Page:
Entries Matching: Comcast
I’ve been sorting through the various filings at the FCC in
the Phone Network to IP transition docket. I single out the 7-page filing by
Comcast as the filing that scares the absolute bejeebers out of me.
Why? Because everyone else – no matter what their financial
interest or political alignment – paid lip service to the idea that we ought to
have at least some kind of
regulation. Whether it’s a general nod to a “minimal and light touch regulatory
regime” or a specific shopping list, the vast majority of commenters recognized
that when you have something as big, complicated and utterly essential to
people’s lives as the phone system, you need some kind of basic backstop for
people to feel comfortable and to address problems that will invariably come
While much attention has focused on whether
European antitrust regulators will allow the major label Universal to buy one
of its competitors, EMI, the proposed merger has also attracted the attention
of US antitrust authorities in the Federal Trade Commission (FTC) and Senate.
In the US context, this merger bears some important similarities to recent
proceedings like the Comcast/NBCU merger and the failed AT&T/T-Mobile
and AT&T/T-Mobile: Taking Over a Maverick Competitor
On today's podcast we discuss a petition to stop Comcast from exempting itself from its data cap, playing the long game to allow cell phone tethering, and Craigslist's decision to sue people trying to make the site more user friendly.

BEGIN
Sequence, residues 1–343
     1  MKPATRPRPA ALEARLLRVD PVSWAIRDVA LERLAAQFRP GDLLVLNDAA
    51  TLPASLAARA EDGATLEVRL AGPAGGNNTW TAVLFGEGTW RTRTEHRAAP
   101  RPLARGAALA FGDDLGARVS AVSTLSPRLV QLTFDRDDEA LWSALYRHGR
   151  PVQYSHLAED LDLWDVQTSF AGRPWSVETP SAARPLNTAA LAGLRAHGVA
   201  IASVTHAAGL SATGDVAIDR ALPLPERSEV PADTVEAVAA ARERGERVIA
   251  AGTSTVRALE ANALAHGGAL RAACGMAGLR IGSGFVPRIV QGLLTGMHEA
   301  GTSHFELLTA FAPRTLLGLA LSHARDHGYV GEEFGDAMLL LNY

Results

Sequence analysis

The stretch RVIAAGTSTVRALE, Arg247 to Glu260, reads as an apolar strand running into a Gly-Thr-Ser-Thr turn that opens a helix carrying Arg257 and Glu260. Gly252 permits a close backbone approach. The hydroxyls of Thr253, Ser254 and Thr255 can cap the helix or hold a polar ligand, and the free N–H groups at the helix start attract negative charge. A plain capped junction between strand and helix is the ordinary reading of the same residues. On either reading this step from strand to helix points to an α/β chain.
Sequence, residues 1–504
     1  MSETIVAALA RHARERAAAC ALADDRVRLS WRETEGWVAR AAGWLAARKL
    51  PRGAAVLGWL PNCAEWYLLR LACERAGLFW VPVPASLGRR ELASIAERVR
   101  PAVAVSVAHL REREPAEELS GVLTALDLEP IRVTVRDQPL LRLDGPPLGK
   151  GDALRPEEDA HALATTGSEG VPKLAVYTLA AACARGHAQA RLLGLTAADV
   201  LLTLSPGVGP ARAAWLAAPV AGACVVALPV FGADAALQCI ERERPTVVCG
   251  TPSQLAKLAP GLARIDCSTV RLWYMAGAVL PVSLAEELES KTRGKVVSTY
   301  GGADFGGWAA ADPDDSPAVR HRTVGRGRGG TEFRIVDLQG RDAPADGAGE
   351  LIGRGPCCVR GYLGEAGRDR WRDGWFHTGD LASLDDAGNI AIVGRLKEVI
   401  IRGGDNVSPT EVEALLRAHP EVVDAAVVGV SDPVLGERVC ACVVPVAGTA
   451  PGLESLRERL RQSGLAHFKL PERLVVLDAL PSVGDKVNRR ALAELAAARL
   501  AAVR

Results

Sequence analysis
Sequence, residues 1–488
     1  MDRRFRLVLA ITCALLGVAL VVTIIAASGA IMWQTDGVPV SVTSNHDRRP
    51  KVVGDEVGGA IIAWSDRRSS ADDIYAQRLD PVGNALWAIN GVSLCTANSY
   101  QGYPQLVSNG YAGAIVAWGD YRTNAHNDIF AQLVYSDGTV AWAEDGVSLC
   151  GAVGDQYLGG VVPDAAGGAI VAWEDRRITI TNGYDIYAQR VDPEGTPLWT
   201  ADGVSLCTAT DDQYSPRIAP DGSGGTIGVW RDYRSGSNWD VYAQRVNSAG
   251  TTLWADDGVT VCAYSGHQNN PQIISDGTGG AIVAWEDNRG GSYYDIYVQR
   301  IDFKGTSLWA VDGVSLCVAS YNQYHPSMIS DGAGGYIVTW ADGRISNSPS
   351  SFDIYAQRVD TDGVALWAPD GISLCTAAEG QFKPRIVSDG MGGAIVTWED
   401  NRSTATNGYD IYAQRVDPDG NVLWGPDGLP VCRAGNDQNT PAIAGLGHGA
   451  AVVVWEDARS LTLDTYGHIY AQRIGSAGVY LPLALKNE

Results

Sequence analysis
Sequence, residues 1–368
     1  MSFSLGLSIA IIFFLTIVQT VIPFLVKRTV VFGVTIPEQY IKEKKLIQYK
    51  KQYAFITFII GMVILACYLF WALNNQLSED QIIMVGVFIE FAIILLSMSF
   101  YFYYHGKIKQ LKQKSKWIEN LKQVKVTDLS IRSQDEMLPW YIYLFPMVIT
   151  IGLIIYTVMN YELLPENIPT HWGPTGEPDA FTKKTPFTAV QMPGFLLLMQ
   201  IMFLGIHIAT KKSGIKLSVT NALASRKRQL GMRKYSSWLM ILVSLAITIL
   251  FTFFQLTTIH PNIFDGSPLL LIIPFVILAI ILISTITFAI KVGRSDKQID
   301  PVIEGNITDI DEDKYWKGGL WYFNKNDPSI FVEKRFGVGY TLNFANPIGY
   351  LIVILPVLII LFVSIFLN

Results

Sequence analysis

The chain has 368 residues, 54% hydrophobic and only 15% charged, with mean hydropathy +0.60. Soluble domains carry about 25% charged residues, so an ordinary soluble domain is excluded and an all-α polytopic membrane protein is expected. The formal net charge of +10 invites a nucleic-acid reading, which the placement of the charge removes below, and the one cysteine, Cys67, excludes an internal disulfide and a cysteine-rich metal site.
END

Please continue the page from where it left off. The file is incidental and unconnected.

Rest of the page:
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Today, Public Knowledge asked the FCC to address Comcast’s decision to exempt its own online video service from the data caps that it imposes on its subscribers. Specifically, Public Knowledge filed a petition calling on the FCC to enforce the conditions that it imposed on the Comcast/NBC-Universal merger.
Data caps prevent online video offerings that compete with –
and potentially replace – cable TV. But
don’t take our word for it. Just ask Sony.
Last fall, the Wall Street Journal reported that Sony was planning an online
video service – something like a virtual cable company. For a fee, Sony would offer you a bunch of channels and
deliver them over the internet. This
model is great because it allows new companies to offer TV content and compete
with cable companies. The only problem
is that it relies on the fat broadband pipes that the cable companies control.